One of the most ambitious projects of Petronas, Malaysia’s national oil company, will soon be fully operational.
The Pengerang Integrated Complex (PIC), in the southern state of Johor, is poised to transform the country’s footprint in oil refining and petrochemical production.
Spread across 2,550 ha and the result of a US$27 billion investment in partnership with Saudi Aramco, PIC will house a new site of downstream oil operations.
However, at a time when the world is increasingly stressing the importance of green development and phasing out fossil fuels, are Malaysia and Petronas making the right bet?
SIGNS OIL IS PAST PEAK DEMAND
There are signs oil is now in a decline. The sudden demand destruction caused by the pandemic, when oil consumption fell by a record of 8.6 million barrels per day (bpd) according to the International Energy Agency, accelerated the plans by key oil and gas (O&G) companies to wean off fossil fuels.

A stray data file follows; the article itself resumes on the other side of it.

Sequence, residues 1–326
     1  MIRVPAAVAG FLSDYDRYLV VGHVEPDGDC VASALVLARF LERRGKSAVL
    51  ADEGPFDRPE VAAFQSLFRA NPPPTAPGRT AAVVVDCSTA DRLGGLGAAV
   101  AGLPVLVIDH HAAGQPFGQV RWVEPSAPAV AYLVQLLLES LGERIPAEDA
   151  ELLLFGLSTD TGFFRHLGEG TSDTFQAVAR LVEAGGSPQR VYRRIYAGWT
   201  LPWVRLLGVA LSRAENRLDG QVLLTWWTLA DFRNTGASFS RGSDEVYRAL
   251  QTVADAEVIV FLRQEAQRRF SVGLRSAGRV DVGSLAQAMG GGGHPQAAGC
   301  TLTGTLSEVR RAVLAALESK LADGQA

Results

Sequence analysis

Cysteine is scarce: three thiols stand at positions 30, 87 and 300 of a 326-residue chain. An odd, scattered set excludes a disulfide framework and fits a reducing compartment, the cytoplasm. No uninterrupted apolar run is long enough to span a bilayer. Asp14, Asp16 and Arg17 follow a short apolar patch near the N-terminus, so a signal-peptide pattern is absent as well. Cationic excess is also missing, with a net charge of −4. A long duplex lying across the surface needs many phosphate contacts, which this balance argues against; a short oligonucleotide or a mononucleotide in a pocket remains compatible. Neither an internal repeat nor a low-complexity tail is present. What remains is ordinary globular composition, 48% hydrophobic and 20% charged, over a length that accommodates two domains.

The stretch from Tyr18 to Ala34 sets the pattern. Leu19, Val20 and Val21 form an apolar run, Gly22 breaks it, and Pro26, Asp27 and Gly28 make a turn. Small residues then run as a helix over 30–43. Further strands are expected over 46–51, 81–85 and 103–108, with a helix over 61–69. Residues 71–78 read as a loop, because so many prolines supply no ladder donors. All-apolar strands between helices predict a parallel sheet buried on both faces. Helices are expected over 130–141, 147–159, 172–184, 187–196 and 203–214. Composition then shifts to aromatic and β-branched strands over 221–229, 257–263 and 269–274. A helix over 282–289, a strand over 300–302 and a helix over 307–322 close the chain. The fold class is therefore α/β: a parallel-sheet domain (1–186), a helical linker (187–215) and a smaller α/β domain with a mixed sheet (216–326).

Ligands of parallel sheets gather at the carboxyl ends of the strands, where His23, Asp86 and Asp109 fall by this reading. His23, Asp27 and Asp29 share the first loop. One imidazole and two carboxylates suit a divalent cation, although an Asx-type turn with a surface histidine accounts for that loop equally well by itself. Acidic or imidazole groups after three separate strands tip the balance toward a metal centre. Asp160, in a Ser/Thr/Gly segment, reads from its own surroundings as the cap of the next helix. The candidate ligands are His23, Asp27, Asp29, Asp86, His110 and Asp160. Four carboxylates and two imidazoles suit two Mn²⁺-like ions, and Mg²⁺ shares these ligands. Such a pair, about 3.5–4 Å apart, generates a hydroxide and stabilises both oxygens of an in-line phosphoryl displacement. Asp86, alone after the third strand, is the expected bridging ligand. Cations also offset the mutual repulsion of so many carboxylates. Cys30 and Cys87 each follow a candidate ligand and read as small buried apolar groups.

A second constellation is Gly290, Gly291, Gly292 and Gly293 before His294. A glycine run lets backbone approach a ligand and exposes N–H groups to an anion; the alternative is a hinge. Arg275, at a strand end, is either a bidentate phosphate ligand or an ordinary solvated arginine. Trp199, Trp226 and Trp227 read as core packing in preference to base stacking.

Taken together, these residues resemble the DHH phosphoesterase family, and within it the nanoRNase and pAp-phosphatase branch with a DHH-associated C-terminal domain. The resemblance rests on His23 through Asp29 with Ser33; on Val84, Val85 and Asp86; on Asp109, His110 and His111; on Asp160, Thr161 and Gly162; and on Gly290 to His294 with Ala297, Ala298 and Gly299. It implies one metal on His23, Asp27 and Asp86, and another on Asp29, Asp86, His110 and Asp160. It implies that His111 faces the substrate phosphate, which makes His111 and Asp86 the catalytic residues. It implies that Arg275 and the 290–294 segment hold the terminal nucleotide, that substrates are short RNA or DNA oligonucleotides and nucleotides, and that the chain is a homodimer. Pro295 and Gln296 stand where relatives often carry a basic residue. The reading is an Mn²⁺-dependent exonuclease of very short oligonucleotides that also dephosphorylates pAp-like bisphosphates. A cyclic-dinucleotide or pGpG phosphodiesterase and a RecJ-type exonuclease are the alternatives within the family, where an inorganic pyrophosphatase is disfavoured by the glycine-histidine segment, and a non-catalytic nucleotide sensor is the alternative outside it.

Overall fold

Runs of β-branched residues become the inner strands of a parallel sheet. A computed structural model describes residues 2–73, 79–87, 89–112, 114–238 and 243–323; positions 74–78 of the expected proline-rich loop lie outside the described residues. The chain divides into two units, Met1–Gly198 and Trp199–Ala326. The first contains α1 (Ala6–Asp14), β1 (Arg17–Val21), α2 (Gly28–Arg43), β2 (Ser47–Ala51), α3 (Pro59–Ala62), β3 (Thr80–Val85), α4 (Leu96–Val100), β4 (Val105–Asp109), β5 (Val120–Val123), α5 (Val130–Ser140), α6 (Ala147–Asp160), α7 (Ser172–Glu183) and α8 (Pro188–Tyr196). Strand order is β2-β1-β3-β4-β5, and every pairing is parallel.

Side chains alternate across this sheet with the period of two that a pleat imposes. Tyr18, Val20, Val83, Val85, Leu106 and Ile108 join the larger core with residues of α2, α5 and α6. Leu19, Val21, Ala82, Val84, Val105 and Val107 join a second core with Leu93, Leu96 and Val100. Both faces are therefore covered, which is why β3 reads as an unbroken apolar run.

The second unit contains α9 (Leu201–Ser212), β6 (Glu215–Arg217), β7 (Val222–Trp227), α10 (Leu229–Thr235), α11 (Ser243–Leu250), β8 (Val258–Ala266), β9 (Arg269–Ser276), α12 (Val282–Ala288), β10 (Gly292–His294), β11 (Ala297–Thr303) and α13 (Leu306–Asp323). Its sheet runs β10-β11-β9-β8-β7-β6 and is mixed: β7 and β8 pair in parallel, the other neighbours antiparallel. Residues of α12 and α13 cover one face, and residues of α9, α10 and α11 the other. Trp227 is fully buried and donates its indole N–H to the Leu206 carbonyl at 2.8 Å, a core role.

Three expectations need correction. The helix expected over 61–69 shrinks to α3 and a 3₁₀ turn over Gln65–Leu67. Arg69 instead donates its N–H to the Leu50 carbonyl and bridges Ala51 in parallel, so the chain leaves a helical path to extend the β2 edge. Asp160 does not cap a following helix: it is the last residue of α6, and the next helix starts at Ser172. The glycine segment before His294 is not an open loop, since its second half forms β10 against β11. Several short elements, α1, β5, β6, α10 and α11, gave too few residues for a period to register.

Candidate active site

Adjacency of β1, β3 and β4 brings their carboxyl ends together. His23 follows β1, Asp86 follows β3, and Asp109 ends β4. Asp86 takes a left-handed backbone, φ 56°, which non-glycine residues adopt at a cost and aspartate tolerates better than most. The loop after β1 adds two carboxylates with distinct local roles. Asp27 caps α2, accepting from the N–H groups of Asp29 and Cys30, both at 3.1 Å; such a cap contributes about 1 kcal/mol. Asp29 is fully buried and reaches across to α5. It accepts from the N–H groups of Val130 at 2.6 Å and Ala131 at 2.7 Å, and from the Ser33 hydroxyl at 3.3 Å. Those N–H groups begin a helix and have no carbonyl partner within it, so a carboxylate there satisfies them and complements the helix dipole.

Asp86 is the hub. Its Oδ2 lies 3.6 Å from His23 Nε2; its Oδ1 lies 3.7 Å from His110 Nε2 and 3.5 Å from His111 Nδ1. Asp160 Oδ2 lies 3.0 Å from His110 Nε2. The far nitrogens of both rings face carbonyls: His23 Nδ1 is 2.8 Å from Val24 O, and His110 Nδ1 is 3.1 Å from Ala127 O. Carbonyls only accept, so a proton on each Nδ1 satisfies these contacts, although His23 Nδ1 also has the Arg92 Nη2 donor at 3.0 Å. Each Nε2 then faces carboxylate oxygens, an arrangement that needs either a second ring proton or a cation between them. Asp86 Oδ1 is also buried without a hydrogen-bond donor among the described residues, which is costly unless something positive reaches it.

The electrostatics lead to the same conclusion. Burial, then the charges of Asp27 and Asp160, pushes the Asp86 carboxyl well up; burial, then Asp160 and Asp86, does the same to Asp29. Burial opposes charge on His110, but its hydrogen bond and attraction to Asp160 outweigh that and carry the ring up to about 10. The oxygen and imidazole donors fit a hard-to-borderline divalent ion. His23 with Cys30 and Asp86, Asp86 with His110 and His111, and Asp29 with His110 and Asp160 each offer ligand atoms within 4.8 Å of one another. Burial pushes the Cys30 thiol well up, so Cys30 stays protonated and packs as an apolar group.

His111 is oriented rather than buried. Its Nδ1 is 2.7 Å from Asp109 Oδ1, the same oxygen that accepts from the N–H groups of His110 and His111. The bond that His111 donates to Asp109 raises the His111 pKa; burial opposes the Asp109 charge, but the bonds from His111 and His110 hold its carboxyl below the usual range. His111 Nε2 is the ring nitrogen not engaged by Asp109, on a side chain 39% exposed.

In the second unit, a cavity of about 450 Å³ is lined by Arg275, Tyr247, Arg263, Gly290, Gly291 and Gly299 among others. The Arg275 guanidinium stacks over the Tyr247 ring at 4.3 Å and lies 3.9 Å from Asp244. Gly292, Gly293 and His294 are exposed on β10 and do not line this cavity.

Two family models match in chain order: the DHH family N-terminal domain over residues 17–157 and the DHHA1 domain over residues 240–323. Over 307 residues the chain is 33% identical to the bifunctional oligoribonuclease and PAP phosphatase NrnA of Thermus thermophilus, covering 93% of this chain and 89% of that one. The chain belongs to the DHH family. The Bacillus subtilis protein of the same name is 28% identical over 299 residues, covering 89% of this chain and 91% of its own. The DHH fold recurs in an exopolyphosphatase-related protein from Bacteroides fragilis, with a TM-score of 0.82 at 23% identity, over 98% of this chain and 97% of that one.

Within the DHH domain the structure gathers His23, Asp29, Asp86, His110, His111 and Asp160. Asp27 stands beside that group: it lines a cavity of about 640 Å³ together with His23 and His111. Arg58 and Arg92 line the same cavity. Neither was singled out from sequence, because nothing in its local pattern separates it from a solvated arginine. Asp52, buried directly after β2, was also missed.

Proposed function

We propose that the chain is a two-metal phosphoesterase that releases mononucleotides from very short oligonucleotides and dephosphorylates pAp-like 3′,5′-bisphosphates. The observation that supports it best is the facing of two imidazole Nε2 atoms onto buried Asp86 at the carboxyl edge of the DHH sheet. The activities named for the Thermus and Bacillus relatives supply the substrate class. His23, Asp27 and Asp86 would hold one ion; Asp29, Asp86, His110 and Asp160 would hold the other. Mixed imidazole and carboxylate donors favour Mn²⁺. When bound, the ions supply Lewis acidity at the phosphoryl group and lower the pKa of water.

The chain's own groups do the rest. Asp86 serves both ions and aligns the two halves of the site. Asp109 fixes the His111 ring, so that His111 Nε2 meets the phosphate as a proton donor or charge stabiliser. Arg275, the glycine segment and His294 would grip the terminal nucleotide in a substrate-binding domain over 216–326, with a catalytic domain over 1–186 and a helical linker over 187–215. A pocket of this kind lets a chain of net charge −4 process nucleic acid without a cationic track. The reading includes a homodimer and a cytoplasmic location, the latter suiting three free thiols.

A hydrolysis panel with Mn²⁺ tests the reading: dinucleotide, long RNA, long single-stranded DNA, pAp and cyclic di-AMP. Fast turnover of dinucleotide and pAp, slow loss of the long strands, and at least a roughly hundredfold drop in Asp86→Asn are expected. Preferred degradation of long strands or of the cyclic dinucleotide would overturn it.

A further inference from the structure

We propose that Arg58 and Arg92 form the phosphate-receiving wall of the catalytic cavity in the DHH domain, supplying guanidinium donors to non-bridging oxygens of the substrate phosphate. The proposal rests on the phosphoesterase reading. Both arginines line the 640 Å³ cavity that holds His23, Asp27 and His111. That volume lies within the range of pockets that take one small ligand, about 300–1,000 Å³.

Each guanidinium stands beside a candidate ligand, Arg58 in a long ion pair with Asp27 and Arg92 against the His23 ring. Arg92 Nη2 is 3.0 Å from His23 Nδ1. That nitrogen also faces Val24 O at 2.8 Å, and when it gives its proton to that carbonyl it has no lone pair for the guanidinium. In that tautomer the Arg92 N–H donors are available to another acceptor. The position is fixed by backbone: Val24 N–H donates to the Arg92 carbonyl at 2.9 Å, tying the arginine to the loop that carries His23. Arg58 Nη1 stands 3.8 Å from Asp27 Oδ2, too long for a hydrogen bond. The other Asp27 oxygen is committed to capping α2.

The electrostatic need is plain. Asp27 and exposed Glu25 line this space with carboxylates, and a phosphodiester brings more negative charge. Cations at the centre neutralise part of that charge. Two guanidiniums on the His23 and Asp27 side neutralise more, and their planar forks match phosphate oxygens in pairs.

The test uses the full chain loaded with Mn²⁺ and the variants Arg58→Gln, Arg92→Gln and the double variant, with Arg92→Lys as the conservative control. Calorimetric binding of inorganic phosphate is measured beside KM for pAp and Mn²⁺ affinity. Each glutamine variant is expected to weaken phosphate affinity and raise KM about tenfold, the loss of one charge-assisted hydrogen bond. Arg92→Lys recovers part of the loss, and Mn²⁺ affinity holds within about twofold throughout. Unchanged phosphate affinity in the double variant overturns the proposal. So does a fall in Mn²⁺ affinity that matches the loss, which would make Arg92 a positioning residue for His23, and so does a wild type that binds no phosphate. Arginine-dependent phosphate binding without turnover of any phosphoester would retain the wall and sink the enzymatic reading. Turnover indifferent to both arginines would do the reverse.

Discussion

COVID-19 was particularly harmful because oil is primarily used in the transportation sector, which accounts for 57 per cent of total oil demand. Lockdowns are designed to force people to stay put, and this means not driving or flying.
Unsurprisingly, the financial results of O&G companies showed record losses for 2020, including Exxon (US$22.4 billion), Shell (US$21.7 billion), Petronas (US$5 billion) and most others.
Oil demand is expected to return to pre-pandemic levels by 2022, at around 100 million bpd, as vaccination rates tick upwards and movement restrictions are lifted.
TECH AND POLITICS: HEART OF NEW THREATS TO OIL
Technological advances and politics are at the heart of the new threats to the oil industry.
Renewables are already the cheapest compared to fossil fuels in many places, after taking into account both capital cost and maintenance and fuel costs.
Modern renewables (solar photovoltaics and wind energy) have benefited from tremendous cost reduction. They have enjoyed incremental technological gains, scale economies and learning-by-doing.
Back in 2013, the construction cost of 1 kilowatt of solar PV capacity was above US$4,000, but by 2018 it was already below US$1,848, according to the US Energy Information Agency.